The Truth About Robert E. Lee That the Left Doesn’t Want You to Know


Baish| We’re all aware of the horrible incident that took place in Charlottesville, Virginia this past weekend, but the mainstream media has failed to go into detail as to why the attack happened.

The removal of a statue of Confederate General Robert E. Lee was the breaking point for White Supremacists, which brought them to Charlottesville. Most Americans, however, don’t know enough about the Confederate general to make their own judgement about what he stood for.

Editor of Conservative HQ, George Rasley, explained that most Americans are still in the dark when it comes to certain historical figures like Lee. It’s hard to get around the fact that White Supremacist groups use General Lee as a symbol for their cause. Liberals want to completely erase General Lee from history. 

Conservative Tribune reported:

In a Conservative HQ n op-ed titled “Misusing Robert E. Lee,” Rasley argues that both sides in the debate over Lee’s legacy miss that he opposed slavery and helped end the Civil War before it turned into a bloody guerrilla war.

Knowing Lee’s place in history is important, particularly as the left seeks to use him as a symbol of division. Progressives know that Lee has many defenders — and they also know that conservatives who stand up for Lee’s memory can be falsely painted as apologists for slavery and the old order of the Confederacy.

Yet, few involved in the debate actually know Lee’s complicated history.

Offered a position as the commander of the Union forces, Rasley points out, “Lee refused the command on the grounds that he was a Virginian and owed his first allegiance to the state he believed was a sovereign entity with the right to stay in or leave the Union as it saw fit. He would, he said, not make war on the Union, but he would defend the state of his birth.”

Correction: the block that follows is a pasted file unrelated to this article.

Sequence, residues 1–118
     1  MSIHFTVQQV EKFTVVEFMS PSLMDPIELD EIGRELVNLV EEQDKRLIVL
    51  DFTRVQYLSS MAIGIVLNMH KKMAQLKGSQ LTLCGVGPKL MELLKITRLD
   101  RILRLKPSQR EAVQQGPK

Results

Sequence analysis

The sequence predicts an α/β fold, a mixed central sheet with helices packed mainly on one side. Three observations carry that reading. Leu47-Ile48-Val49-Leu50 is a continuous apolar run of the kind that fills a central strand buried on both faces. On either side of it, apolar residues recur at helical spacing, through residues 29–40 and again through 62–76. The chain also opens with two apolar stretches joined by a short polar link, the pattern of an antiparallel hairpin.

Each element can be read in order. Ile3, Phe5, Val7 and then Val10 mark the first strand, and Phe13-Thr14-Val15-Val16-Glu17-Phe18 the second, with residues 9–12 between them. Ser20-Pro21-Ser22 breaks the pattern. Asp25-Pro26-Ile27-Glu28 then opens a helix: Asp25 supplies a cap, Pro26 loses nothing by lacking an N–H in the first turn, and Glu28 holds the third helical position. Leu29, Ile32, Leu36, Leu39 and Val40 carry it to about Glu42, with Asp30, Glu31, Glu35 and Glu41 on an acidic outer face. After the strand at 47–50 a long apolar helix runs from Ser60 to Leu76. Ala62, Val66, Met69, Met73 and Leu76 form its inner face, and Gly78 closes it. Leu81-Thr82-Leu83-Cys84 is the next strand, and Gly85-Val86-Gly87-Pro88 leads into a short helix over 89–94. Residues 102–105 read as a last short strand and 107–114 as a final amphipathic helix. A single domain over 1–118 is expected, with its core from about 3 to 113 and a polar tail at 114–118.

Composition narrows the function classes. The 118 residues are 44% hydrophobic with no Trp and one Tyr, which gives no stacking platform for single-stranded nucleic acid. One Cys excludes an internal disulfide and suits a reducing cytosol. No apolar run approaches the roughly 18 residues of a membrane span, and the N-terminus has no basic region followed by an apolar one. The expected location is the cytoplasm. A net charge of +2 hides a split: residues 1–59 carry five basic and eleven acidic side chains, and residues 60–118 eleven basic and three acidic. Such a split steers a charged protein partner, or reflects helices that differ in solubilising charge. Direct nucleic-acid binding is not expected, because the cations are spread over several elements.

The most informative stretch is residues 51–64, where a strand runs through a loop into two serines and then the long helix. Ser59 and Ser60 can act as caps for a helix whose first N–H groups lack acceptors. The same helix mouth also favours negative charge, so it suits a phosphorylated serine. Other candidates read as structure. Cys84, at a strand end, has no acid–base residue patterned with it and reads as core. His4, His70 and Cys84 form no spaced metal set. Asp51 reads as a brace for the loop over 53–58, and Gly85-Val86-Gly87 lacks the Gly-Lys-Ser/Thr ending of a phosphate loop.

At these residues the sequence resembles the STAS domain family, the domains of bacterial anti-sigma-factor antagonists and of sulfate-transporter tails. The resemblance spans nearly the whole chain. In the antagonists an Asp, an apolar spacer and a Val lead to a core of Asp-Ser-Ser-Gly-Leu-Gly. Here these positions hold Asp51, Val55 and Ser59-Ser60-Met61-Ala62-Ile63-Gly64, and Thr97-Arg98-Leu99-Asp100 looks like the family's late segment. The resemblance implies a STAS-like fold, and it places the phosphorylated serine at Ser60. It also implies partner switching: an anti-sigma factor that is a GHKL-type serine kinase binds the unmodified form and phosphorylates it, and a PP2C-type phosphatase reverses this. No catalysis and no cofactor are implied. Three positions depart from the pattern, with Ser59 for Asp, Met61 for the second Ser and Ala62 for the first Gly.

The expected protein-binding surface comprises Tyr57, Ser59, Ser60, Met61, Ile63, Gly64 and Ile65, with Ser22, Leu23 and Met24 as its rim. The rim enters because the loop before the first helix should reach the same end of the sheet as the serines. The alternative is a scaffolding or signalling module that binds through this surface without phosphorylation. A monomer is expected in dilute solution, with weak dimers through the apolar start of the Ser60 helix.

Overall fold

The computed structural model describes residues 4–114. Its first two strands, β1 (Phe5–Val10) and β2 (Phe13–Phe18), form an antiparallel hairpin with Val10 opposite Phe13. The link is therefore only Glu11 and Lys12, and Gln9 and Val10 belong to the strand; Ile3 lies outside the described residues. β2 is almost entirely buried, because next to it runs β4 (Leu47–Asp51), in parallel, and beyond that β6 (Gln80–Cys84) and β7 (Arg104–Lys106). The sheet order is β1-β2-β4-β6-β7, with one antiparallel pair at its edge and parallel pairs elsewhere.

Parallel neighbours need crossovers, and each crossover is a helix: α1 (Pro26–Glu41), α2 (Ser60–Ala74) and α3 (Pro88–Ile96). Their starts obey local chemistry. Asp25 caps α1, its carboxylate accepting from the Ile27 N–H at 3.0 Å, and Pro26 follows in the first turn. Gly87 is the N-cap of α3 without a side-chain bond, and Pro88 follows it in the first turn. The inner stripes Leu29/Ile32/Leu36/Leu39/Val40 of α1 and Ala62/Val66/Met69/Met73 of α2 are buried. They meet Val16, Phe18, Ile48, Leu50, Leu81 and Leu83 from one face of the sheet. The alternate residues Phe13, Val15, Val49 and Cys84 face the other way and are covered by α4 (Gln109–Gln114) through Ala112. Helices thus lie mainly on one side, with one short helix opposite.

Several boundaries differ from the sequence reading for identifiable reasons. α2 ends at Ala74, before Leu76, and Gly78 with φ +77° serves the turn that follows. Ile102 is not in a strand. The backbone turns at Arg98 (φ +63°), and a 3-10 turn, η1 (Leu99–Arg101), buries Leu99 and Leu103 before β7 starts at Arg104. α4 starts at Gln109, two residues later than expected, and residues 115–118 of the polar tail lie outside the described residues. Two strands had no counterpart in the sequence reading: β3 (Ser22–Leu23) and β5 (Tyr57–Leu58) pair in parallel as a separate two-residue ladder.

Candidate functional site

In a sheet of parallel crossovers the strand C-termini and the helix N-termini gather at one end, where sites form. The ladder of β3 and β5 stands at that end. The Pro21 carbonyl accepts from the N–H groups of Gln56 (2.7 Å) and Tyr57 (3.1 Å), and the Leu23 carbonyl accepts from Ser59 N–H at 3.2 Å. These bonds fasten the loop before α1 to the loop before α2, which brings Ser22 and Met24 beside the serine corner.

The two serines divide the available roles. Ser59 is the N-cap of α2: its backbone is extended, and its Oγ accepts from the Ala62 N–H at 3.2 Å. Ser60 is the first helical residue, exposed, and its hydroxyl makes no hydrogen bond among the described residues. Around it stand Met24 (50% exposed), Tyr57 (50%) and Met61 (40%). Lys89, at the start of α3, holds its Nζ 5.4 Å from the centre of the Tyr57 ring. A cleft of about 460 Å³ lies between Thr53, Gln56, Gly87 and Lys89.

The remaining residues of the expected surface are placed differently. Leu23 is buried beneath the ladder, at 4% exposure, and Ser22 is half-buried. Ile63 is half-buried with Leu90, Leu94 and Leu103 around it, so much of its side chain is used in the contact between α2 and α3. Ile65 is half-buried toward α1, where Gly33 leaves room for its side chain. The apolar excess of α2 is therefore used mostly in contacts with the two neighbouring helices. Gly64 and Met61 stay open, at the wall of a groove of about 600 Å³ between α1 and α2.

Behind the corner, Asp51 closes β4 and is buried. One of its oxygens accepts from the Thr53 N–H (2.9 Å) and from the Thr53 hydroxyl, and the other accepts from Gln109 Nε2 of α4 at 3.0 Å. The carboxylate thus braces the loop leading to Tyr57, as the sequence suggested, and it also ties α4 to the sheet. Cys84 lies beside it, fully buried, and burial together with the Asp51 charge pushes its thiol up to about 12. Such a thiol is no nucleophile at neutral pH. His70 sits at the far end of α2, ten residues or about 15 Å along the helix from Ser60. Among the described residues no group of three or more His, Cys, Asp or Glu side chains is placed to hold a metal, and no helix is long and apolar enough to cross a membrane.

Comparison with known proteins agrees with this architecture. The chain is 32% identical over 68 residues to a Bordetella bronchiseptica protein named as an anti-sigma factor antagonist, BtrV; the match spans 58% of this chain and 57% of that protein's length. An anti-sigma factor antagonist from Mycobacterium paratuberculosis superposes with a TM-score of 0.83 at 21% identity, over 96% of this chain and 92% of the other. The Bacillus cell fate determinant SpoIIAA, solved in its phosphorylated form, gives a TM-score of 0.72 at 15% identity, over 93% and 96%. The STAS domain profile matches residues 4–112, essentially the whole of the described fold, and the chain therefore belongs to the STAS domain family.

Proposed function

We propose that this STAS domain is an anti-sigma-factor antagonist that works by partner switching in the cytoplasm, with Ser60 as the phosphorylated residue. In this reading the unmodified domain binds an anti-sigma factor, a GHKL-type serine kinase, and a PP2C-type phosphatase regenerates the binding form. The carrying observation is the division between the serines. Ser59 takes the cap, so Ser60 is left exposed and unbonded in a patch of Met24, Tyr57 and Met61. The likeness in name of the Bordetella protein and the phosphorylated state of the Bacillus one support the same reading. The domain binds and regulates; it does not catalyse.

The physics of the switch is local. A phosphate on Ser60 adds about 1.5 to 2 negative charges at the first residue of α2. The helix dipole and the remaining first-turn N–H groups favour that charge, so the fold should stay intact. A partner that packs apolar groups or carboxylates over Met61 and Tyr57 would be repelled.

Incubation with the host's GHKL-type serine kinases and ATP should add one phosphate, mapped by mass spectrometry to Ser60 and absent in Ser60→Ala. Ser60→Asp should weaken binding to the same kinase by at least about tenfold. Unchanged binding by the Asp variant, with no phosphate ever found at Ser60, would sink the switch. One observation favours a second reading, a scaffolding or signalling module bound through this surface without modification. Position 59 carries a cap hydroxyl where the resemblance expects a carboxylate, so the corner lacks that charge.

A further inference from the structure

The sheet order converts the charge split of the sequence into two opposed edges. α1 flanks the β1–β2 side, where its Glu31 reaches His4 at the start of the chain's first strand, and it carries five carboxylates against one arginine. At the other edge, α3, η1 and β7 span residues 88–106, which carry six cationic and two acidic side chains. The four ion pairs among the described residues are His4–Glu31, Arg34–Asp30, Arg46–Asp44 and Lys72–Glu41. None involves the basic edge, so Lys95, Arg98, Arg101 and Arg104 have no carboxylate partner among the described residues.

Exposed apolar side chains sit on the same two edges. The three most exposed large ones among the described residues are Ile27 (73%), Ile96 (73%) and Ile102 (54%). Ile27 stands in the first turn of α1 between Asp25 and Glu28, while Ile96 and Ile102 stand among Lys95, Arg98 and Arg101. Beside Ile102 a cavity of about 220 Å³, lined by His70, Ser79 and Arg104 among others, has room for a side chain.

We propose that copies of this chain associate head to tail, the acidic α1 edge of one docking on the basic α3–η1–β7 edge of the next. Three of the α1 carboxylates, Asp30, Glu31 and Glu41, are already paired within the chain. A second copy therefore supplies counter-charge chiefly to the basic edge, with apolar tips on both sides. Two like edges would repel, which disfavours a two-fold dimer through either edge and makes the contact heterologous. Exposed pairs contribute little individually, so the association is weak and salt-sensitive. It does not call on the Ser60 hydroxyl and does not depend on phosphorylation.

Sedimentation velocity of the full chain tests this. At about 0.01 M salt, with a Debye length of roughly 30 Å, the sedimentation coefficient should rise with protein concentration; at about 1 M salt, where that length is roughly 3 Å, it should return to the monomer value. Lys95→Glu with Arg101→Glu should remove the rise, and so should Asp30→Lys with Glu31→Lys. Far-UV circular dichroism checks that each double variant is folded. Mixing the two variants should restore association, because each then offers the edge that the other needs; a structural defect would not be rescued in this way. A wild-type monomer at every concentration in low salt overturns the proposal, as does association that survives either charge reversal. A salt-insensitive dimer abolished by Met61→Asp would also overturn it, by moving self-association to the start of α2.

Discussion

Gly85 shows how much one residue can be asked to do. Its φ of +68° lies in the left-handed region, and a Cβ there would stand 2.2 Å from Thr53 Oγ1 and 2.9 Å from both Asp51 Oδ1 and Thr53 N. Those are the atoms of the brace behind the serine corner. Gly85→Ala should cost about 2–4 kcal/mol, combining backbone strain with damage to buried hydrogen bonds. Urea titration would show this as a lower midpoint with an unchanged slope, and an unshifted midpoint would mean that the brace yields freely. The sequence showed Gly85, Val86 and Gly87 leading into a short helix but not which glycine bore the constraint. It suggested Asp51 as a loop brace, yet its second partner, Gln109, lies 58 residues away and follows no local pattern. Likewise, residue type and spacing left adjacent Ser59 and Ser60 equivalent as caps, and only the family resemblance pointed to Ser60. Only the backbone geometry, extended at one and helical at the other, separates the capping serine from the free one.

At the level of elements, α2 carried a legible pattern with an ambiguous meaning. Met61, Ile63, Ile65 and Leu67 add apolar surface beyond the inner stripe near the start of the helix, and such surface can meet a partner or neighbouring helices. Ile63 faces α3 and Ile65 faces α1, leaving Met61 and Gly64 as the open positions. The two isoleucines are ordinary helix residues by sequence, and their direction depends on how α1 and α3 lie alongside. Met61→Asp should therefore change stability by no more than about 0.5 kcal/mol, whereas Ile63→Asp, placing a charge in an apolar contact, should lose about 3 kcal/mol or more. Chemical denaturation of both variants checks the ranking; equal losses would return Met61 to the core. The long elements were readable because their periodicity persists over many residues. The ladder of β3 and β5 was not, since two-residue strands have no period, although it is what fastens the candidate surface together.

However, when Virginia seceded, the general felt his sympathies residing with his home state. “I shall never bear arms against the Union, but it may be necessary for me to carry a musket in the defense of my native state, Virginia, in which case I shall not prove recreant to my duty,” he said.

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As for his feelings on slavery, Rasley notes that “(w)hile Lee espused the paternalistic attitudes many Nineteenth Century Americans felt toward Africans, it certainly wasn’t because he believed slavery was just.” In fact, what Lee said about slavery may surprise a number of people who aren’t familiar with Lee’s views on the matter.

“There are few, I believe, in this enlightened age, who will not acknowledge that slavery as an institution is a moral and political evil,” Lee wrote back in 1856, in a letter written in response to a speech given by then-President Franklin Pierce.

Although General Lee’s views on race aren’t the same as the ones we generally have today, he is still part of the emancipation efforts. As Rasley explained, Lee fought for the South because he believed that the United States was “an association of sovereign states that could, if they chose, leave it or dissolve it.” The Declaration of Independence even states, “whenever any Form of Government becomes destructive of these ends, it is the Right of the People to alter or abolish it, and to institute new Government.” In Lee’s eyes, the south was just following the Declaration of Independence.

Rasley also argues that “it isn’t what Lee did before and during the Civil War that makes him such an important figure in American history- and one that should be honored- it is what he did after the Civil War that earned him the memorials erected to his memory and a place in history that should be honored by all. When Lee surrendered at Appomattox he also signed a parole document swearing upon his honor not to bear arms against the United States or to ‘tender aid to its enemies.’ Lee’s surrender and his immediate parole were essential in preventing the Civil War from continuing as a destructive guerrilla war that would have continued to rend the country indefinitely.”

Lee actually spent all of his retirement as acting president of Washington College in Virginia, which was later renamed Washington & Lee. He also encouraged reconciliation between the North and the South to unite us all. His public letters explained that “all should unite in honest efforts to obliterate the effects of war and to restore the blessings of peace.”

After hearing all these things about Robert E. Lee, it doesn’t seem like he was the cold-hearted person that the Left wants us to believe he was. He doesn’t sound like some aggressive white nationalist that Democrats want to claim he was. Lee would have been disgraced by what happened in Charlottesville last weekend, and to blame him just isn’t fair.

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